HUMANS AS HOSTS
M. tuberculosis is a parasite of the human immune system. It attacks the host at the heart of its defenses, inducing transmission by leading the host to its own self-destruction.
The bacilli survive and replicate in phagocytic cells, including macrophages, neutrophils, monoctyes, and dendritic cells. Macrophages are the very cells that normally protect the host by engulfing foreign bodies, including microbes. A proportion of invading M. tuberculosis are killed immediately by an innate immune response. The survivors must establish an infection that will eventually allow transmission to other hosts by stimulating cells of the immune system to produce an adaptive response that is neither too weak nor too strong. Too little immunity allows the multiplication and dissemination of infection away from the lungs, causing widespread tissue and organ damage, eventually killing the host and limiting the chances for transmission. Too much immunity, innate or acquired, prevents bacilli from replicating or kills them prematurely before transmission is possible (van Crevel et al. 2002; Verrall et al. 2014; Ernst 2012; Cooper and Torrado 2012).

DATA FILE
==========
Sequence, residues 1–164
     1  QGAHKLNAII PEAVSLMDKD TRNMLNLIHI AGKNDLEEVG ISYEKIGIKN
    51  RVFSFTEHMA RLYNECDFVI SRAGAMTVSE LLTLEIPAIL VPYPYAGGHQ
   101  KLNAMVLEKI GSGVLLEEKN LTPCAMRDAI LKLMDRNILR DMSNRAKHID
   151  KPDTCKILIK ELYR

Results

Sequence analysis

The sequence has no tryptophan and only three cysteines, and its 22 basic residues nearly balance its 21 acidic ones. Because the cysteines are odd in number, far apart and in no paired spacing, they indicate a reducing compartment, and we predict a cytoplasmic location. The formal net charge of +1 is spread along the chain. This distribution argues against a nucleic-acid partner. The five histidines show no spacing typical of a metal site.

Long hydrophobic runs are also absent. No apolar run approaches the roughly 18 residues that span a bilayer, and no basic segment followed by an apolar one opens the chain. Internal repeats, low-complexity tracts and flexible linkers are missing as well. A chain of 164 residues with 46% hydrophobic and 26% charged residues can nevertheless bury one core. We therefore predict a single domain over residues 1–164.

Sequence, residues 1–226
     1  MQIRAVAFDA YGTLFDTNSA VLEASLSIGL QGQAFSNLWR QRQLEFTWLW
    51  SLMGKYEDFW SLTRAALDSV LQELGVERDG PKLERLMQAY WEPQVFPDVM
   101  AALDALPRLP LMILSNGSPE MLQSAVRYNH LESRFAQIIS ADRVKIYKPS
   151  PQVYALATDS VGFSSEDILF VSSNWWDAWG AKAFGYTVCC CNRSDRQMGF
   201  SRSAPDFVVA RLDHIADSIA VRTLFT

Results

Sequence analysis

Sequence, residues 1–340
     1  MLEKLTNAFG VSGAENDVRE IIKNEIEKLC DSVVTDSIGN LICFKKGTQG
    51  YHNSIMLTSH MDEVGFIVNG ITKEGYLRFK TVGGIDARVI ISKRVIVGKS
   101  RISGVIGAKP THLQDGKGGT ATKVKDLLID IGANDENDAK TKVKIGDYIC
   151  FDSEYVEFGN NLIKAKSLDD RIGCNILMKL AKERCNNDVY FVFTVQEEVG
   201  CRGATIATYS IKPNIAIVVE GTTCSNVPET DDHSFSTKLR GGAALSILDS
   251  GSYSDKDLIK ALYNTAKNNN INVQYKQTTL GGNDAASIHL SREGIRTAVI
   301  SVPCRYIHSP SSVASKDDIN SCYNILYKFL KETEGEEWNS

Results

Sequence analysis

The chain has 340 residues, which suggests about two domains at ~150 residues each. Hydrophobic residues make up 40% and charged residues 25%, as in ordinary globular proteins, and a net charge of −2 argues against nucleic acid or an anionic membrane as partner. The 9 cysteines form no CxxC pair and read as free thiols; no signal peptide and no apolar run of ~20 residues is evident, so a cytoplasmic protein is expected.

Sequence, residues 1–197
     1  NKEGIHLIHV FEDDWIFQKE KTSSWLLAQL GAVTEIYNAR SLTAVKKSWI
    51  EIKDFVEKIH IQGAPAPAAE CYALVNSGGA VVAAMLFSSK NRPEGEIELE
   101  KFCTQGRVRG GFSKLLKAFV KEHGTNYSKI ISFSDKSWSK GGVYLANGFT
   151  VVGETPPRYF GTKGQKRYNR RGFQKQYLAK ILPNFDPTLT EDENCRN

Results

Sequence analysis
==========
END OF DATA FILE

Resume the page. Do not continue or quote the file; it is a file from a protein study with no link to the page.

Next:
Transmission takes place when individuals with disease of the lung produce airborne droplets while coughing, sneezing, spitting, or just talking. The droplets typically stay airborne for a few hours, during which time they can be inhaled by another person.
The course of M. tuberculosis infection begins when inhaled droplets carrying M. tuberculosis lodge in the lung tissue, where they are captured by scavenging macrophages. Bacilli replicate slowly within each macrophage, bypassing the host cell's usual destructive mechanisms. Replication leads eventually to breakout and the colonization of more macrophages as they are recruited to the site of infection. In this initial phase, infected macrophages spread through the lymphatic system to the draining lymph nodes, but infection is otherwise contained in the lung.